Thanks to the modifications of the hill angle and positioning of the inrun table (the latter of which was moved further back), athletes no longer jumped with as much height as before and no major accidents have occurred in Harrachov since 1992.
Technique changes: parallel to V-style
It was during this time that the whole of ski jumping as a sport underwent a significant transition in technique. Until the early 1990s nearly all athletes used the Däscher technique or parallel style, in which the skis were held close together and parallel to each other. This had been the norm since the 1950s, evolving into a modified variation in the 1980s with the skis pointed diagonally off to the side in a crude attempt to increase surface area. However, this came largely at the expense of stability and balance, akin to 'walking a tightrope' in mid-air and leaving athletes at the mercy of the elements. Akimoto, Findeisen, Berg and Goldberger's accidents were all caused by unpredictable gusts of wind which made them lose control at the highest and fastest stage of their jumps, exacerbated by an outdated technique ill-suited to the new extremes of ski flying, as well as the prevalence of older hills featuring very steep slopes.
In the late 1980s and early 1990s, Jan Boklöv pioneered the V-style: skis were instead spread outwards in an aerodynamic "V" shape, with the athlete's body lying much flatter between them. This created more surface area and lift, instantly enabling distances of up to ten per cent further. It also had a positive effect of granting more stability in the air, although the peak speed was lower. At first this new technique was looked upon unfavourably by the judges, who made it an issue to downgrade style points for those who used it. Nevertheless, within a few years, with Boklöv having won the 1988–89 Ski Jumping World Cup season and other athletes promptly adopting the technique, the judges' stance quietly eased and the V-style became the standard still used today.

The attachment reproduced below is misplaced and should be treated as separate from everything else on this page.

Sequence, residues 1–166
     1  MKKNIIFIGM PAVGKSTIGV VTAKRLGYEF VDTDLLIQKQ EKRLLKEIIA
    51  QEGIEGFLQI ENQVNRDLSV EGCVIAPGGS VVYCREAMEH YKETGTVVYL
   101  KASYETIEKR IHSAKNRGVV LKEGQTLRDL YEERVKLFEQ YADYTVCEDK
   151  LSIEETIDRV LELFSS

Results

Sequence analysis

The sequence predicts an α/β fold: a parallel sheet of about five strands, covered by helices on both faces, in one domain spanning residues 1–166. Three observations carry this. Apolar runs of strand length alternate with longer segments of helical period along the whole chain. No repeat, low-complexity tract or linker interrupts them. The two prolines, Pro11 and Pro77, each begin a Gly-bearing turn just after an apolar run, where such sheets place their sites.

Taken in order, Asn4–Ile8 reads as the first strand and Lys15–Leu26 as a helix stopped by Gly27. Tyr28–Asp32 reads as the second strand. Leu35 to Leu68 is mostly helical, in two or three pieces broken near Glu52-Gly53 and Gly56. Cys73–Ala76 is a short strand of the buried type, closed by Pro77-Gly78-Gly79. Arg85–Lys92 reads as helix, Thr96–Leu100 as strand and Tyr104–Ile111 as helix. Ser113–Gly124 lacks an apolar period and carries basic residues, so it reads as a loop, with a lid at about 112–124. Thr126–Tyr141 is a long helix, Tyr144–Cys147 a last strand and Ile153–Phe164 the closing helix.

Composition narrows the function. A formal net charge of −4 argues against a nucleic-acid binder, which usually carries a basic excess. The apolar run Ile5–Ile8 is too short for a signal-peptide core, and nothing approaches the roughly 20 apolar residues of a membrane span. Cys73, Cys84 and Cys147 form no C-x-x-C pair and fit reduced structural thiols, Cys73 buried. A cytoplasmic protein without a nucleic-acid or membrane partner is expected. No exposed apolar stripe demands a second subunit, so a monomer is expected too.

The technique itself had a transitional period of its own, going from a narrower "V" in the early 1990s – retaining some features of the parallel style – to a much wider one at the end of the decade. Some athletes preferred to cross the back of the skis to exaggerate the "V" angle or lean even more forward so that their body lay almost flat between the skis; both variations remain in use. The V-style was still not immune to failure if the air pressure under one ski was lost, but the results were much less catastrophic than with the parallel style: the latter had resulted in more head-first landings, whereas the V-style saw somewhat 'safer' landings on the back or shoulders.
Breaking the 200 metre barrier
In 1994, ski flying returned to a newly independent Slovenia, where the hill in Planica had been reprofiled with the aim of allowing for jumps of more than 200 m. The FIS was strongly against this and initially threatened to cancel the event on the grounds that its regulations on hill design had been violated. Negotiations between the organisers in Planica and the FIS managed to defuse the situation, allowing that year's Ski Flying World Championships to take place. Before the event, Espen Bredesen said: "Of course I want to be the first [to reach 200 m], but I think that 210 metres (690 ft) or 215 metres (705 ft) are also possible."